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Lower standards may play to overbuilt technical schools

One wonders whether the driving force behind relaxed standards in Louisiana secondary education does not have something to do with trying to justify the surplus of community colleges and technical schools in the state.

Last week, Gov. Bobby Jindal signed into law a measure that would allow a third option for those wishing to graduate with high school diplomas in Louisiana. Created as a response to a stubbornly-high dropout rate from high school, the guiding philosophy was this “career” track would pump up these rates by changing the rules thereby making it easier to graduate. Rather than elevate students and changing structures to help accomplish this, such as merit pay for teachers and regular subject area testing of teachers for competence, the move makes it easier for politicians to declare victory while less becomes demanded of students in an evolving economy that relentlessly demands more conceptual skills. Even if children were, no politician was left behind on the notions behind this backwards attempt.

But it’s possible that another motive played a part in the disturbingly-easy acquiescence policy-makers had to lowering standards. The budget crunch evident in this year’s state budget highlighted spending on higher education as the constitutional and legal structure of state fiscal procedures forced it to bear disproportionately cuts made to the budget. Along with that came questions about whether the structuring of higher education in the state, from doctoral programs all the way to vocational training, could be made more efficient.

There are some disturbing questions about the conduct of higher education in Louisiana, especially in the area of community and technical colleges, where there seem to be too many of them. The state has more of these than all but five others of which all have significantly higher populations. It’s likely the greatest efficiency savings would come from closing a number of technical schools and realigning their programs. However, perhaps not coincidentally, the new diploma track would prepare students in it only to attend community colleges and technical schools.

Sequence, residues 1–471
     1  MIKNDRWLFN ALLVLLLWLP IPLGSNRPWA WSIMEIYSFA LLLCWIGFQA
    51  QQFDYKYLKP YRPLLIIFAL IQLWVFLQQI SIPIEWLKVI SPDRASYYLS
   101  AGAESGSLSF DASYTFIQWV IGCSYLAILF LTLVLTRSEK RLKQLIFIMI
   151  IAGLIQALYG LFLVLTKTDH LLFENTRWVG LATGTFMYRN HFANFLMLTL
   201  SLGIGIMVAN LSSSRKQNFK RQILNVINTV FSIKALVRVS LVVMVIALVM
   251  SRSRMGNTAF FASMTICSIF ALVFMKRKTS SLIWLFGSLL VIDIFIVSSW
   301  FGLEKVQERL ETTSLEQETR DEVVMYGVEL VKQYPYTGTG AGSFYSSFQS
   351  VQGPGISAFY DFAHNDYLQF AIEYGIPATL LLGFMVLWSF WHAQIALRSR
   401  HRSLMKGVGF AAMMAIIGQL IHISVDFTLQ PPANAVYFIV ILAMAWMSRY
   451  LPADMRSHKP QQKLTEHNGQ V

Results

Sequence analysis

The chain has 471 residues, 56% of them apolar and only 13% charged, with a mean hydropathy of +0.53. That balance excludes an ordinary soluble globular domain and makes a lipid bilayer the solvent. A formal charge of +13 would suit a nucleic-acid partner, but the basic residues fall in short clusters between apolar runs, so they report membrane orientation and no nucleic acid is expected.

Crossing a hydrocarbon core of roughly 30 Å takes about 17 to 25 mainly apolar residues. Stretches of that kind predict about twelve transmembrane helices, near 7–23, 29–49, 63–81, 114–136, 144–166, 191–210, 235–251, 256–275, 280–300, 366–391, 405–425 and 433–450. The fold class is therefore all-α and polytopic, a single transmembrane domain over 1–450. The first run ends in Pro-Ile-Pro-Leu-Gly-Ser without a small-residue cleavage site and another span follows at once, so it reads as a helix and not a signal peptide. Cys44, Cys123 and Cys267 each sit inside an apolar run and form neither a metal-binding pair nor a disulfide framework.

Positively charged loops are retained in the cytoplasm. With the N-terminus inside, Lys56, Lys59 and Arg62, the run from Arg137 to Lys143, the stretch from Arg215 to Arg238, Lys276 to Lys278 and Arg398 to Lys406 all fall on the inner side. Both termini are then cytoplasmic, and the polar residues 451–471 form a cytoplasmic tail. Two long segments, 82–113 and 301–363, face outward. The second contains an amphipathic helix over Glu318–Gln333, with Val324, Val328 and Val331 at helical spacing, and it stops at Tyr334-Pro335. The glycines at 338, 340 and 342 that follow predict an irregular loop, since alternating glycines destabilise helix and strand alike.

The hopeful way to look at this would be the new law’s political backers recognize the necessity of these changes to the two-year and technical schools and in a sense are transferring their function to a lower but more efficient level. If almost every parish no longer will have a technical school, then the training task in those that will lose one can be devolved to beefed-up programs in the high schools. Then there’s the cynical, and perhaps more realistic way of viewing the alteration, that perhaps the creation of this track would act as a diversionary element to those who in the regular track would do poorly enough in high school that they otherwise could not go on to higher education now to get a form of it, artificially creating more demand – and the necessity of state dollars – for attendance in the overbuilt two-year and technical system.

Problematic here is that it is an even less efficient way of using resources. Why not simply transfer efforts from higher to secondary education through the new track and realize economies of scale instead of creating more duplication? Vocational kinds of education for first-time workers need to have just one home, higher or secondary, and if 13-year-olds are going to be rigidly segmented into different tracks that will make it difficult for the rest of their lives for the ones choosing (at an age where many have little idea of real understanding or the implications of their decision) the vocational track ever to move beyond that, there’s no reason to have such a vast network of technical schools to serve them (a smaller one can serve adults who want to change vocational careers).

Let’s hope the latter in fact was not a motive for this change which threatens to prepare a larger proportion of the student population for an economy that demands greater critical thinking abilities that the current curriculum emphasizes more. If so, it makes a bad public policy decision even worse.

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